Banking, Finance & Services

Lurking within the records of most cities and states in America there lies a scandal. A tax scandal. A jobs scandal. A corporate and political scandal.
Federal prosecutors aren't done with HealthSouth Corp., despite the acquittal of ousted CEO Richard Scrushy in a $2.7 billion earnings overstatement.
KPMG, the fourth biggest accounting firm in the world, has announced that it has fired Scott London, one of its top partners. New reports indicate that London was let go for providing insider information on two companies - Herbalife and Skechers.
Rendon Group Wins Hearts and Minds in Business, Politics and War The Rendon Group is a consulting firm whose services range from creating "a favorable environment before privatization begins" to helping justify war. Rick Rendon, a founding partner talks to CorpWatch about his latest project, "Empowering Peace."
A criminal saga that began in December with a string of superlatives - the largest, longest and most widespread Ponzi scheme in history - ended the same way on Monday as Bernard L. Madoff was sentenced to 150 years in prison, the maximum for his crimes.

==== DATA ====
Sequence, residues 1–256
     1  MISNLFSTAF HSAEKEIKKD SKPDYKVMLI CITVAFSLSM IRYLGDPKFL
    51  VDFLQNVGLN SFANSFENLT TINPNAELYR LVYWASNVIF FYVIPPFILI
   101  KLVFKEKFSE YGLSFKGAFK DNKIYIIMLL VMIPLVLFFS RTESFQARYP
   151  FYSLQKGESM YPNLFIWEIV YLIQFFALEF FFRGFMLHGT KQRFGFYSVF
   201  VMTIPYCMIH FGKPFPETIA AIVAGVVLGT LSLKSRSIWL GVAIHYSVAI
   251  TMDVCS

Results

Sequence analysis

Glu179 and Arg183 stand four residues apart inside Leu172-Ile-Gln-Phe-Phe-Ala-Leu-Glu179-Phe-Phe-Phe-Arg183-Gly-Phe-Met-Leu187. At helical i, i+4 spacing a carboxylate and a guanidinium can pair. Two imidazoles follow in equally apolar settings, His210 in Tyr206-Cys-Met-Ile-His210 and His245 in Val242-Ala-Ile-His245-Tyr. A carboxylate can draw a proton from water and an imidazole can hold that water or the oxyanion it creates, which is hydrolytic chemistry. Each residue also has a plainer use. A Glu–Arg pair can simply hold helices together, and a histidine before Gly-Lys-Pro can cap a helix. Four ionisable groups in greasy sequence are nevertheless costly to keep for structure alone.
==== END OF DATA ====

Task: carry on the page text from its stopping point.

Kenichi Watanabe and Takumi Shibata, the CEO and chief operating officer of Nomura, have resigned over several recent insider trading scandals at the Japanese multinational conglomerate. The revelations are the latest in a series of events that have shone a welcome spotlight on seamier side of the financial industry.
The UK Serious Fraud Office has notched up another win in the global interest rate setting scandal by sending three Barclays traders to jail. Of the 20 bankers that have been charged to date, five have been found guilty, six have been let go while nine are to face trial.
An analysis of 282 local executives at 109 area companies who have had the same title from 2003 until the end of 2005 showed that merely sticking around gives an executive an excellent chance of getting a raise, sometimes a big one. In many cases, raises are dictated by employment contracts or other compensation practices that have nothing to do with an executive's job performance and are often divorced from the kind of market logic that dictates how most people are paid.
Protestors have rallied this week outside annual meetings of Barclays bank in London, Citibank in Dallas, Credit Suisse in Zurich and Wells Fargo in San Francisco. A surprising number of shareholders have rallied to their side to vote down excessive executive compensation, in an unexpected victory for the Occupy movement.
The newly elected president of the European Commission and his cabinet - who together form the central executive body for the 28 member states of the European Union - have deep ties with powerful corporate interests that make them poor choices to support citizen rights, say critics.